In December 2001, the NC State Summer Institute in Statistical Genetics went south for the summer—the summer Down Under, that is. After seven years of hosting over 1,000 participants from every continent at its unique and intensive summer workshops in Raleigh, the Institute was invited to Christchurch, New Zealand, to present a six-day curriculum following a joint meeting of Australian and New Zealand Statistics Societies. The course was sponsored by the New Zealand government and SAS New Zealand.

The “Southern Summer Institute” offered a series of modules with topics ranging from basic statistics or genetics to the more demanding quantitative trait locus mapping (QTL) and bioinformatics. The course is designed to fill the gaps between participants’ research and the latest information in the field of statistical genetics.

Seven statistics and genetics faculty members led by Dr. Bruce Weir, Director of the Bioinformatics Research Center, presented the curriculum to 100 participants from industry, government and academia. “The success of the Institute builds on the long-standing strengths at the interface of statistics and genetics in the College of Physical and Mathematical Sciences as well as the College of Agriculture and Life Sciences,” says Weir. “It compliments our recent move into bioinformatics.” Other participating faculty members included Drs. Chris Basten, Dahlia Nielsen, Greg Gibson, Sharon Browning, Spencer Muse and Shaobang Zeng.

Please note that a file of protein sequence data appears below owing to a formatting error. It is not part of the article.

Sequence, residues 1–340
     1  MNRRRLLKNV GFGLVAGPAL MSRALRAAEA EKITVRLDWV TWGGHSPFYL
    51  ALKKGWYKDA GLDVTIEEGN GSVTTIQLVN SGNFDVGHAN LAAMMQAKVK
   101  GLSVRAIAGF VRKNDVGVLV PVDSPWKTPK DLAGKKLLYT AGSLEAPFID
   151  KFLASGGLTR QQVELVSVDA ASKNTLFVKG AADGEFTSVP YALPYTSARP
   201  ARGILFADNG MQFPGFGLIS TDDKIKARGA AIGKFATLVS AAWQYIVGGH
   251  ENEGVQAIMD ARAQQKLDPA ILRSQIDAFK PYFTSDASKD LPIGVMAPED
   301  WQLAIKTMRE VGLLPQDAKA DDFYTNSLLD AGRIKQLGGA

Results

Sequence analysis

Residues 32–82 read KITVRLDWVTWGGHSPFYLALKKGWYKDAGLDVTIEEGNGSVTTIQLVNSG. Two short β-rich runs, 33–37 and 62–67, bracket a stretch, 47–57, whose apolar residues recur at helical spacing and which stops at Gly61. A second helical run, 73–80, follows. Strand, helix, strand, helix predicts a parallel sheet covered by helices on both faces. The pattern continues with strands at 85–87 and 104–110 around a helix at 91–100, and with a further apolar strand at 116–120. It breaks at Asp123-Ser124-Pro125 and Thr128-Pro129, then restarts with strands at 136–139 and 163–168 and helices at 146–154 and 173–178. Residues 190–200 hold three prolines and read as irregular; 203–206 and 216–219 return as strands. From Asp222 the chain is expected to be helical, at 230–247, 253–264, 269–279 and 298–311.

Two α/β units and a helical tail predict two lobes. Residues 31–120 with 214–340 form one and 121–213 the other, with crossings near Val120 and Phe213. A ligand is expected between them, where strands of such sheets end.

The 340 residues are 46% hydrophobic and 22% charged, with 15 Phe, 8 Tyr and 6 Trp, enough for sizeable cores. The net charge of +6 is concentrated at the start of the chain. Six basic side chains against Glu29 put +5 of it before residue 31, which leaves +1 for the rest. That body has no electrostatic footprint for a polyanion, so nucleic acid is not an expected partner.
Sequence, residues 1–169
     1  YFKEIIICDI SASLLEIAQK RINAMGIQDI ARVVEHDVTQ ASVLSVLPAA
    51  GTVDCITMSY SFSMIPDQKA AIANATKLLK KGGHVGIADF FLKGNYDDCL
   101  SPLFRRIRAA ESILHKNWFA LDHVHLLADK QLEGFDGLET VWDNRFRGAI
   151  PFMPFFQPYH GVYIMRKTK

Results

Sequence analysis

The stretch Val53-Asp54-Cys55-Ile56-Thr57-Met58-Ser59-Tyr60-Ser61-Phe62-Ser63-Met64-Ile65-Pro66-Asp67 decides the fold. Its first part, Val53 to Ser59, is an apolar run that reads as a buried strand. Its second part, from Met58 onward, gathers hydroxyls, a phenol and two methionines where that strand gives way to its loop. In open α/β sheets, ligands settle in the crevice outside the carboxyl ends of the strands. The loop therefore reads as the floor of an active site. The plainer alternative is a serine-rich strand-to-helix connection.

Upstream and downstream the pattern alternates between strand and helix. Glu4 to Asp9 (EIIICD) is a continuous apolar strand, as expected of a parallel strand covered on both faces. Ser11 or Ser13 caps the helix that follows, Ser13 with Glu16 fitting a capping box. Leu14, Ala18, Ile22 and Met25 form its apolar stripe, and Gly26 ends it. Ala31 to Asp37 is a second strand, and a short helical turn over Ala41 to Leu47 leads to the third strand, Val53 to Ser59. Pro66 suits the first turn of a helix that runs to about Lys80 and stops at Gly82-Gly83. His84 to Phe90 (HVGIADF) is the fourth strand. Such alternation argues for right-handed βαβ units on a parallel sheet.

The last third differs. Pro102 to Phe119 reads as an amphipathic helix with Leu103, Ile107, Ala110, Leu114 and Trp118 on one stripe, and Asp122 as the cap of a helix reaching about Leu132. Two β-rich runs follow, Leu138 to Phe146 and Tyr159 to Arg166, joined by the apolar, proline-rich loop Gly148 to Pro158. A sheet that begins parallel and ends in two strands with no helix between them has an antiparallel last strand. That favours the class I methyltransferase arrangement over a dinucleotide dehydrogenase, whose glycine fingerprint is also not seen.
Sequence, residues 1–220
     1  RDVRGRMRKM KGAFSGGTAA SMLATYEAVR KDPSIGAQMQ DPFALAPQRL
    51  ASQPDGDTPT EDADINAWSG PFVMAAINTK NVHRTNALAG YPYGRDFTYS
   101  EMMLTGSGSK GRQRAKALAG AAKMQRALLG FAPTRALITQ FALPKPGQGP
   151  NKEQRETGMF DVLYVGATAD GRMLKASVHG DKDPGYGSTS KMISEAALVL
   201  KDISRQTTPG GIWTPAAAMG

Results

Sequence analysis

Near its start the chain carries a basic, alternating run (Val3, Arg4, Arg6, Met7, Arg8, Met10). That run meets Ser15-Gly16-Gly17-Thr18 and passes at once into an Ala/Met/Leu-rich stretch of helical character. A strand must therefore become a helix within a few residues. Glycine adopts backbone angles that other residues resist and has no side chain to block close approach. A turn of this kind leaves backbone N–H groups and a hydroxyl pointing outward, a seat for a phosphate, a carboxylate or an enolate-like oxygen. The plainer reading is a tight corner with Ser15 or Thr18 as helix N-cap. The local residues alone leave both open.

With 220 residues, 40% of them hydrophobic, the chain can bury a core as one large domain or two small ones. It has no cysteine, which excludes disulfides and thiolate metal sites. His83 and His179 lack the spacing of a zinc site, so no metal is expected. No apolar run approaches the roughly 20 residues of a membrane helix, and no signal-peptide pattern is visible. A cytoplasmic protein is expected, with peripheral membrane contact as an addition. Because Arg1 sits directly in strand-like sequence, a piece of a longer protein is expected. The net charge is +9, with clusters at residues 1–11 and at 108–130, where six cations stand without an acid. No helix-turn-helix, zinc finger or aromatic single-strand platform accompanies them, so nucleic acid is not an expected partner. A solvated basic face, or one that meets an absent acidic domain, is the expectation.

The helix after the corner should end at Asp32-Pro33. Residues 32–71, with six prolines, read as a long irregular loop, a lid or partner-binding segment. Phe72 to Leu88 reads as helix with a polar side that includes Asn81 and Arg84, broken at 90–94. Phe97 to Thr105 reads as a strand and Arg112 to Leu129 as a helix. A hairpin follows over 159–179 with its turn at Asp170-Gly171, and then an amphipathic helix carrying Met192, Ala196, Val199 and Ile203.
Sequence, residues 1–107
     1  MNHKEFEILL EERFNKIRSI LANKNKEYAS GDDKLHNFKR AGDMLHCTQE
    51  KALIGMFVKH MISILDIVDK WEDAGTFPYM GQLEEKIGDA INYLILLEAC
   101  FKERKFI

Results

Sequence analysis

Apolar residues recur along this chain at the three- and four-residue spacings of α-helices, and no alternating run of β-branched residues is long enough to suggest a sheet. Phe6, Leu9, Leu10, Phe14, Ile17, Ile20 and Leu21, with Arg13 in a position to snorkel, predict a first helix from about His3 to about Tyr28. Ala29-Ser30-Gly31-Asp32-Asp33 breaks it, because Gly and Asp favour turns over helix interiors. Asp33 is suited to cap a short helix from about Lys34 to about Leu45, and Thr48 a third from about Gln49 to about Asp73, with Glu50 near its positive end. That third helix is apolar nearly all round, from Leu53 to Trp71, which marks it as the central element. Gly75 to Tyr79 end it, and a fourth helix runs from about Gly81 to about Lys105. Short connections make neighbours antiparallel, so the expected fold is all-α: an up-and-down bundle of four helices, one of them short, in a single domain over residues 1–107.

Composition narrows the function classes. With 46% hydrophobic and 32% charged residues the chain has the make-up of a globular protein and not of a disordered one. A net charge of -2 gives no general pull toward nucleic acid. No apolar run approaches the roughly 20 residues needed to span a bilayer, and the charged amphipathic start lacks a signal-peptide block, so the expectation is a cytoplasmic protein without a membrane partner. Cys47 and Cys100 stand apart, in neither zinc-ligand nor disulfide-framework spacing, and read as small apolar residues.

“Word of mouth has become a very important component of our advertising,” says Weir. As a result of its success in Christchurch, the Institute has been invited by the Haughton Institute at Trinity College in Dublin, Ireland, to present the program for participants from across Europe in December 2002. In addition, the Institute has been invited to Australia in 2003 as part of the International Genetics Congress. Here in Raleigh, the longer, three-week Institute course will continue to be presented each summer by the Program in Statistical Genetics with NIH and NSF sponsorship.

Contributing writer: Jeanne-Marie Morlier

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